4. Dusty Shed Dweller

    Dusty Shed Dweller Most Valued Member

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    73
    The key being one tap, because if you belt the bejesus out of the spine and shift it downwards at either end you can disturb the tension and create another common problem... the S-shaped toothline that won't cut to a line.
     
  5. ian_gm

    ian_gm New Member

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    Many thanks to you both !!
     
  6. steveatkinson

    steveatkinson Active Member

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    Hello Ian,
    You have a good eye, that was a fine choice in saws, especially as there seems to be very little info on this Model number 26, I managed to acquire one myself some time back, I did put some pictures up , I am not sure if the thread was started by me or perhaps I hijacked some one elses.
    I am under the impression this was once a top of the line model, the one I have denotes quality all round, a well carved handle heavy spine and quality steel blade.
    I will be much happier when I can find a Spear & Jackson Catalog that lists the model No26, I am sure I came across a thread that mentioned how the No 52 & 53 came about I am sure it mentioned the 26. I am sure I will get corrected if I am wrong.
    Here is to wishing you get many years of good use from your saw.
     
  7. Barleys

    Barleys Most Valued Member

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    508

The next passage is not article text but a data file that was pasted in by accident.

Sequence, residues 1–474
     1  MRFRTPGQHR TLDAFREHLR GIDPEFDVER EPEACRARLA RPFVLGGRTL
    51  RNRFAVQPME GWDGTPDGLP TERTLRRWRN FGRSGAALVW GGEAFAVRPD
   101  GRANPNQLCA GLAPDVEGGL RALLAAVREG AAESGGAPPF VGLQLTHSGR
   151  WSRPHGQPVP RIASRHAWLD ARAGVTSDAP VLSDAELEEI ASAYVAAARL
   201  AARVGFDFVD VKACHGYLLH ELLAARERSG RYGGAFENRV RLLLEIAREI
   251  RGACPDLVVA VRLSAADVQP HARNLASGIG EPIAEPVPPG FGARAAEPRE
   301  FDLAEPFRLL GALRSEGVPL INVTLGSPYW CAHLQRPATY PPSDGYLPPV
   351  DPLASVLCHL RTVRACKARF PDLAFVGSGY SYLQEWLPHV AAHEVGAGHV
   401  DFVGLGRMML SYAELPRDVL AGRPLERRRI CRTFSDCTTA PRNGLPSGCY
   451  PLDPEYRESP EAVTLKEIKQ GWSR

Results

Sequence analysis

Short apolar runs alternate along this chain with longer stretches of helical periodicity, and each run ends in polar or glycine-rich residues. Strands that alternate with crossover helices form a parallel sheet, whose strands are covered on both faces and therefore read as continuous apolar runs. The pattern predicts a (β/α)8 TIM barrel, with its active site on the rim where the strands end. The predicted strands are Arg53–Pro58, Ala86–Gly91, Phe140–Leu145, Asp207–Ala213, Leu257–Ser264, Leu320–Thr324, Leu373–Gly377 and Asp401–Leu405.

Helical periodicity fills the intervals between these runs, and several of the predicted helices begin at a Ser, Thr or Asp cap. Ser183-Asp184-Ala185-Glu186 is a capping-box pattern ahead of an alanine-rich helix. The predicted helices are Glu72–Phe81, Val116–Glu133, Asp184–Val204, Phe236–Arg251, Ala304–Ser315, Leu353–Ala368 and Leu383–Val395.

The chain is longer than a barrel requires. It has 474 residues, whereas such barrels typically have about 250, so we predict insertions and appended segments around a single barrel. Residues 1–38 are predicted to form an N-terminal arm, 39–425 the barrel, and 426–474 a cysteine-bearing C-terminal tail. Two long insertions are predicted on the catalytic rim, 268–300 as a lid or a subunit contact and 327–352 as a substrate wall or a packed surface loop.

Maybe I can help, with the aid of the Hawley collection's information. The S&J catalogue for 1880 (the earliest that the Hawley Collection possesses) has three qualities of backsaw: the 26 is the brass back, the 26A with a "blued or bright" back [presumably iron]. and the 26B the German steel; I've never seen either the 26A or 26B, but would be interested if anyone here can come up with a picture of one. By 1910 [there's a gap of 30 years in the collection] the numbering was 266, 263 and 260 for the same three qualities, except that the second and third were described as ""bright steel" and "blued steel" respectively; this catalogue states that these numbers are new, with the "old" ones being 260A, 260 and 260 [sic]. The 52, 46 and 49 are there, with these numbers apparently taking over from the old numbers 26A, 26 and 26. Again, I've not seen any of these numbers. By 1927 the best quality were still 260 etc ("Mermaid"), with the second ("Leapfrog") being the 46 and 52 series (with variations). In 1932 the best quality were renamed "Spearior", with the 260 numbers. From the 1920s they also made several inferior qualities with their own numberings, including the number 53, which came in in 1932, as their 3rd quality ("Lloyd Davies") brand.
    In summary, then, it seems that the 52 came in sometime between 1880 and 1910; the other thing to say is that researching S&J's vast output is a nightmare!
     
  8. steveatkinson

    steveatkinson Active Member